As many nonprofit fundraisers were working away on their laptops to provide projections to their finance committees to show the implications of the recently announced postage rate increases, some of us were on Zoom calls with U.S. Senators who are co-sponsors of the current postal reform legislation, letting them know just how detrimental these postage hikes would be for charitable organizations.
Last week, The Nonprofit Alliance organized another “Hill Day” where Mark Micali, Vice President, Government Affairs, and Bob Tigner, General Counsel, set up meetings with the offices of five Senators who are co-sponsors of the Postal Service Reform Act of 2021. If enacted, this legislation would represent the first major statute on postal policy since the Postal Reform Act of 2006.
This new legislation would move postal retiree healthcare cost away from the USPS and onto Medicare, eliminate the requirement of prefunding retiree healthcare benefits, maintain six-day-per-week mail delivery and require the development of a public-facing database that shows service and delivery performance information.
What the new legislation does not include is a provision that would control excessive postal rate increases—which the Postal Reform Act of 2006 did have. And therein lies the reason we needed to meet with the Senators and their staffs.
The meetings were held virtually, on Zoom, even though all the Senate staffers and Senator Susan Collins (R-ME) were in their offices. It was odd, after 15 months of progressively growing more casual on Zoom calls, to see suits and ties again. Senator Collins, wearing a fiery red power suit, was deep in negotiations on the Infrastructure bill.
Though the Senator and the other aides were dressed more formally than we’re recently used to, the conversations were very casual, open, and collaborative. One staffer was extremely well-informed on postal issues. Another staffer had actually come to Capitol Hill as a detailee from the Office of the Inspector General of the Postal Service! Having such knowledgeable staffers was helpful and made us feel more secure that the information we were passing on to them was fully understood. There was even an aide who had worked at a nonprofit before coming to the Hill!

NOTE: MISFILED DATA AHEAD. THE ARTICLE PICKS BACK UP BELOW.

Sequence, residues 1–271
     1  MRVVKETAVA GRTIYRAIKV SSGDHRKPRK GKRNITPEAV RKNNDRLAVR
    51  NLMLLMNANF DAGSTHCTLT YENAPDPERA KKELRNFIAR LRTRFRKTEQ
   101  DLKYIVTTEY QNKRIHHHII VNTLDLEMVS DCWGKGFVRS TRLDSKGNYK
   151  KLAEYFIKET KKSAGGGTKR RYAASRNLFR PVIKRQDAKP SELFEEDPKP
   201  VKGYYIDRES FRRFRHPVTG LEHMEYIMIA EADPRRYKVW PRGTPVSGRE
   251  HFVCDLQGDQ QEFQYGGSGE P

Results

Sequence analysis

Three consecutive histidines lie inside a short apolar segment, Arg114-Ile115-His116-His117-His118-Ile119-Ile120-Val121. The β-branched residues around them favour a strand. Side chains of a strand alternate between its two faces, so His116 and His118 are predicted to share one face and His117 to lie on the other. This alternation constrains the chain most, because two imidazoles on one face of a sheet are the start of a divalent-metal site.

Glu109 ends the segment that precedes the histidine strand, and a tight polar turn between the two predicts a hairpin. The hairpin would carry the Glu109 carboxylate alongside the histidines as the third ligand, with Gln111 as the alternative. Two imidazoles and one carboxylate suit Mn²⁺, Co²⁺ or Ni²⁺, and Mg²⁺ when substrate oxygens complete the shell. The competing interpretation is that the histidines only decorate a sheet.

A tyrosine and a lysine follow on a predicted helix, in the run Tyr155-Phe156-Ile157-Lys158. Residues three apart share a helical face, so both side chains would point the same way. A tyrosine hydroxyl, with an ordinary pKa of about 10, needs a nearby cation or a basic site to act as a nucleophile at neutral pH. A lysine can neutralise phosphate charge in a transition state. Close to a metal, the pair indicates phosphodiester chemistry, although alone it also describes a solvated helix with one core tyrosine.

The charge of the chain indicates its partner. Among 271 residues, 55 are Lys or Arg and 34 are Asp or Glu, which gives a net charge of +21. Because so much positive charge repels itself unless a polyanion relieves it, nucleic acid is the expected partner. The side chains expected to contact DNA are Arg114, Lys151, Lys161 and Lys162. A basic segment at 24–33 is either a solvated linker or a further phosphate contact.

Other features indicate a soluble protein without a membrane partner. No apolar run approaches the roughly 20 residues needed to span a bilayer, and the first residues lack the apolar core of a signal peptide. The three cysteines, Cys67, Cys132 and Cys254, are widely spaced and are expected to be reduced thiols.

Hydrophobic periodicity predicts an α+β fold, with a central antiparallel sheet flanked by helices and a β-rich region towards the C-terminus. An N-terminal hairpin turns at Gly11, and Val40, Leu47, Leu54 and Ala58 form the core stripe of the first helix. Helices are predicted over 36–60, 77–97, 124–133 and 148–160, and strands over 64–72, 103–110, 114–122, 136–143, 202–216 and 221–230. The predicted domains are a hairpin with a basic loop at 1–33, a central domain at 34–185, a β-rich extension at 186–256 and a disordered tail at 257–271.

In every meeting, we drove home the fact that the current postal reform legislation does not include any restraint on future postal rate increases. The Postal Reform Act of 2006 largely limited annual rate increases to the rate of inflation (Consumer Price Index).
Each of the five nonprofits in attendance spoke of the burden placed on their organization by having to take on the additional expense of annual postage increases that are well beyond the rate of inflation—and compounded year over year, these expenses would be astounding! We explained how the additional expense would also cause future revenue losses and further limit our resources to fulfill our mission. It would also prove very difficult for us to budget for the increases, when there is no cap on postage rates to help guide us. We even went on to note that these large postal rate increases would reduce the amount of mail we could send, thus driving mail out of the postal system, requiring even higher postal rates to make up for lost volume—the so-called “death spiral.”
All the staffers listened, empathized, and asked well-thought-out questions. They were very transparent and seemed sincere in their willingness to help. The meetings lasted from 20 minutes to an hour. In each meeting, I learned something new. In some meetings, I learned quite a few new things. It was a great experience, and I hope to be able to attend more “Hill Days” in the future.